Technology Can Help Us Live Healthier Lives

Living in an era of technological advances was supposed to make living healthy easier. Information can be found instantly from anywhere. Devices like smartphones, Fitbits, and Apple Watches are ubiquitous and designed to help us live healthier lives. 

Young people, however, are struggling to keep healthy habits. Over the past decade, the percentage of overweight teens has more than doubled. According to the National Institute of Child Health and Human Development, there are approximately 12.5 million overweight children in the United States. The number continues to grow day by day causing many health experts to believe there is an epidemic. 

Health experts are desperately seeking potential solutions. Although genetics play a role in a person’s health, it is not the only factor. Most people consume significantly more calories than they are burning daily. This is in part because fast food consumption has been steadily rising. “On any given day in the United States, an estimated 36.6 % or approximately 84.8 million adults consume fast food,” the Centers for Disease Control and Prevention reported.

The situation only gets worse when it comes to young people and those who are economically disadvantaged. Fast food is easily accessible and cheap. Many times due to access or  economic issues, kids have no other choice than to eat fast food. Moreover, the sugar and sodium content in highly processed food creates a sort of physical dependency. Food rich in simple carbohydrates and low in fiber produces a sugar rush that stimulates the production of insulin, the hormone that manages sugar. This sugar is quickly burned but insulin stays in the system for hours and produces sugar cravings and hunger that leads to further consumption of sugar and a vicious cycle leading to obesity. Young Americans intake 16.9 % of their calories from fast food. College students eat out an average of 5.8 times a week, which is more than double the amount that showed risk for chronic disease. Some claim that teens should order healthier options from the menu, but even that proves to be a challenge. In many cases, the so-called “healthy” options are full of fat, sugar, and calories. After all, for restaurants, it is a good business model.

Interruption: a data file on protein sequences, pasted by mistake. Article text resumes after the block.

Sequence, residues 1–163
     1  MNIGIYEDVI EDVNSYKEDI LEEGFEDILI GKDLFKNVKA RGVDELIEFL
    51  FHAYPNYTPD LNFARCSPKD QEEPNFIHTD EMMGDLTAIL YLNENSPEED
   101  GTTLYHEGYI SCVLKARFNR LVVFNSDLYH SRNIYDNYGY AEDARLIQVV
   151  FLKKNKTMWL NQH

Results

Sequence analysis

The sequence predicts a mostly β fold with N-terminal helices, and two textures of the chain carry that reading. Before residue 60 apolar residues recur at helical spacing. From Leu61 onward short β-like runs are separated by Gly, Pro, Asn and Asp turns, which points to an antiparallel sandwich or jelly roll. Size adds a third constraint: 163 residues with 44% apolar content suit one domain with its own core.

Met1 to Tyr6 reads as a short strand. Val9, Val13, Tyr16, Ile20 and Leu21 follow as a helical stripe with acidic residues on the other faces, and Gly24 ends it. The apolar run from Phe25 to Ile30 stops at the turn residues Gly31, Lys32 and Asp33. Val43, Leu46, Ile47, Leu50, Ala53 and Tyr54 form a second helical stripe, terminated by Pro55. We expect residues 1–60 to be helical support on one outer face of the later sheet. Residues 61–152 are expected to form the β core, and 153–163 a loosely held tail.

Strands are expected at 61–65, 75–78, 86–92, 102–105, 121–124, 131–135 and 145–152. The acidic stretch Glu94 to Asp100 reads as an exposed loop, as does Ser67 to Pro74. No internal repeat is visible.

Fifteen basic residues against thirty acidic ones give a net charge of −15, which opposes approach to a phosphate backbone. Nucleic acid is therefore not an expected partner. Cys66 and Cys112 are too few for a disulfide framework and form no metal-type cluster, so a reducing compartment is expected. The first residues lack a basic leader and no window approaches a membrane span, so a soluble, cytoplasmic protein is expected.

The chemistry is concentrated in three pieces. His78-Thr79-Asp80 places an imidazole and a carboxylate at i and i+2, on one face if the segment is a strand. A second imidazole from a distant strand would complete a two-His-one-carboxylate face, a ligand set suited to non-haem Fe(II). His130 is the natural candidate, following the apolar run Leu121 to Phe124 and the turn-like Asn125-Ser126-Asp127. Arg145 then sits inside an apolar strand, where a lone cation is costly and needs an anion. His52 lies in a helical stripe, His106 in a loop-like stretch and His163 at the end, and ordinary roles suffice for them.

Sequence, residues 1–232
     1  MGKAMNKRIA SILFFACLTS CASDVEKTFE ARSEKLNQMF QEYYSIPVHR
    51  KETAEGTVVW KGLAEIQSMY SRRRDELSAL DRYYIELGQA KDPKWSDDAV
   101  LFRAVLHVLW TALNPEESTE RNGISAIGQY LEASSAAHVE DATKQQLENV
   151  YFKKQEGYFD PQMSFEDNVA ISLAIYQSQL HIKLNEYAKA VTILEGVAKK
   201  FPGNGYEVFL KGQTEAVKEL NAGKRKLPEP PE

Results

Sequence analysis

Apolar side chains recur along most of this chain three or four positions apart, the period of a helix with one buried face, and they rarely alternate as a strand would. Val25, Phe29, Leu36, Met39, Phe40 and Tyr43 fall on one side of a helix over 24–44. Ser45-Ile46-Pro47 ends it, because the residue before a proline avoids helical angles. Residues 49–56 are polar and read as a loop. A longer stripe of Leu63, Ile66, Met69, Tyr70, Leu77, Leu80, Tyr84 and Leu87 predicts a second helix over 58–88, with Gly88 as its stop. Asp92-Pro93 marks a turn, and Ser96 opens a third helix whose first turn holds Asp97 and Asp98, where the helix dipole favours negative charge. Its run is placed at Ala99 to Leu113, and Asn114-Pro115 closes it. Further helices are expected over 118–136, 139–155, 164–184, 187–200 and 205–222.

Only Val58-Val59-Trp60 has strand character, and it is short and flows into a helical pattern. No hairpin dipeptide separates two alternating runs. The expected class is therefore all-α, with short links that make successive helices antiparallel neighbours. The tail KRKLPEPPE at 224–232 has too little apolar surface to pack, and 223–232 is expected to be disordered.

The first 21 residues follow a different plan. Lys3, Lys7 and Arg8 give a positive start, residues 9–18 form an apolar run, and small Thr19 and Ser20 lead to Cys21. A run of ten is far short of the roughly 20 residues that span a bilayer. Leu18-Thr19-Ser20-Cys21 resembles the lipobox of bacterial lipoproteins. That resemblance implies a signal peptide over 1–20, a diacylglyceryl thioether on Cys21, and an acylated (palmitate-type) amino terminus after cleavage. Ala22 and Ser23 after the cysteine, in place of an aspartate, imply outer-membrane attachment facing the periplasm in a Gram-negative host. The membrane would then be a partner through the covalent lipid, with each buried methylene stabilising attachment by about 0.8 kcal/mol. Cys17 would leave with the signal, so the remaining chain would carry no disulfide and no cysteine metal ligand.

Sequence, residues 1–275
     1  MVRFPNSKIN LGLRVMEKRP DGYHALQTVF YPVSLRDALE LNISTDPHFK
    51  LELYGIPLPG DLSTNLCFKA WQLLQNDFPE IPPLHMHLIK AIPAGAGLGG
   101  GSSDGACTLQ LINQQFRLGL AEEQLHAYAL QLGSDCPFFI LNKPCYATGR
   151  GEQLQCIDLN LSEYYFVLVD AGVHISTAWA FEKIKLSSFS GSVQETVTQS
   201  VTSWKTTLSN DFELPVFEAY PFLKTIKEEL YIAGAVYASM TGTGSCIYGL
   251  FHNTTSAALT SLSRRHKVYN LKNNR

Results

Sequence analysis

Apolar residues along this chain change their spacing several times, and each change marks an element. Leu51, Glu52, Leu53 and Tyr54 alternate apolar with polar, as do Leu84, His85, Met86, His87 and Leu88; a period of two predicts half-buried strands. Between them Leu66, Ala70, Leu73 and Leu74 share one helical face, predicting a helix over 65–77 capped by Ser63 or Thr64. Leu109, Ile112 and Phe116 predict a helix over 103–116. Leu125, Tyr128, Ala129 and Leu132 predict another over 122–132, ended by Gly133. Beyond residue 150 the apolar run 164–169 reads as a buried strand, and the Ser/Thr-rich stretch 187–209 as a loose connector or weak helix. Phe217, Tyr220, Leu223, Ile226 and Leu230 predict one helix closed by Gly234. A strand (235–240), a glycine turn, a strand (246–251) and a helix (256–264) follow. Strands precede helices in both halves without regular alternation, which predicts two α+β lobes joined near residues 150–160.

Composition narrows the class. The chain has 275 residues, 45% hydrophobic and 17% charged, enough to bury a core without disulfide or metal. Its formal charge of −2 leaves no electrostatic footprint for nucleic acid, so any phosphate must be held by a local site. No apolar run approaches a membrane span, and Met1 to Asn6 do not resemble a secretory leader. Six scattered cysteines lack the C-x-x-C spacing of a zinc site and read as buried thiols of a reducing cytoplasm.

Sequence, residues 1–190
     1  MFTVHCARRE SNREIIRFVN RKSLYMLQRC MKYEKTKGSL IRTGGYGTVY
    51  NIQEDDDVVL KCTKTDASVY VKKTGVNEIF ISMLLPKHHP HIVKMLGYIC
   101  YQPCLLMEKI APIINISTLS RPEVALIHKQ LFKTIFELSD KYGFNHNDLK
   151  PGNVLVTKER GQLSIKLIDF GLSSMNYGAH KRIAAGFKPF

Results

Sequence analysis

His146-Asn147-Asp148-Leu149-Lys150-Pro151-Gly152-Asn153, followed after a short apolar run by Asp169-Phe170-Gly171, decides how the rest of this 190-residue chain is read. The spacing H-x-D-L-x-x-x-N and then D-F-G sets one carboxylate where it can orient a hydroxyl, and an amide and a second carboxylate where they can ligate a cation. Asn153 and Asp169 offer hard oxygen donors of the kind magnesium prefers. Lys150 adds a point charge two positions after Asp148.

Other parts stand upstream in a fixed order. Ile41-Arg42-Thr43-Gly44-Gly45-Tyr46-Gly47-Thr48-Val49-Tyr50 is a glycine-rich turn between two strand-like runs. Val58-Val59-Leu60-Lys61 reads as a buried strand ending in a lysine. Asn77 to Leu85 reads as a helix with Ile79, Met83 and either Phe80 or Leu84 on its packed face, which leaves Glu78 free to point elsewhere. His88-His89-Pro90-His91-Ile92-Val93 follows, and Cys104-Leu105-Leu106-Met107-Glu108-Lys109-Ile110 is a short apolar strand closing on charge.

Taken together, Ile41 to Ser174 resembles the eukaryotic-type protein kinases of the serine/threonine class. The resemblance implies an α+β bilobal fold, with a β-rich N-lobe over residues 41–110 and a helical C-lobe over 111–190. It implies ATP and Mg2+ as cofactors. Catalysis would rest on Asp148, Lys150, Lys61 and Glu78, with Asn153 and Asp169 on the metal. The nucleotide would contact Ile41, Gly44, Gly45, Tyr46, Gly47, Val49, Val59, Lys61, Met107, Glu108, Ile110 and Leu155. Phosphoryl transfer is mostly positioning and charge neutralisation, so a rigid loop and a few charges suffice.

However, it is not a good business model for individuals and for the country as a whole. Individuals who eat unhealthily and are overweight are significantly more likely to develop diabetes, heart disease and cancer.

Teenagers and young adults are distracted with so many competing demands, that health is usually placed in the backseat until it is too late to prevent a disease. That means we need to make a conscious effort and commitment to being healthy. We should leverage the technology we have to help us create a healthier lifestyle that is feasible. Find dietary and physical activity habits that make you feel your best. For some people, this could mean a balanced diet that avoids processed foods and for others a more demanding regimen such as intermittent fasting, plant-based, keto or paleo diets. Scientists are discovering that dieting is not one size fits all. The most important rule of thumb is to eat more vegetables, fruits and healthy fats like those found in salmon or avocados, and to reduce intake of sugar, saturated animal fats and processed foods.

In general, we must understand that there are many industries making billions of dollars from influencing our behaviors regarding food, alcohol, exercise, vaping and more. We have the tools to find information on what is really best for us and to not fall prey to their schemes.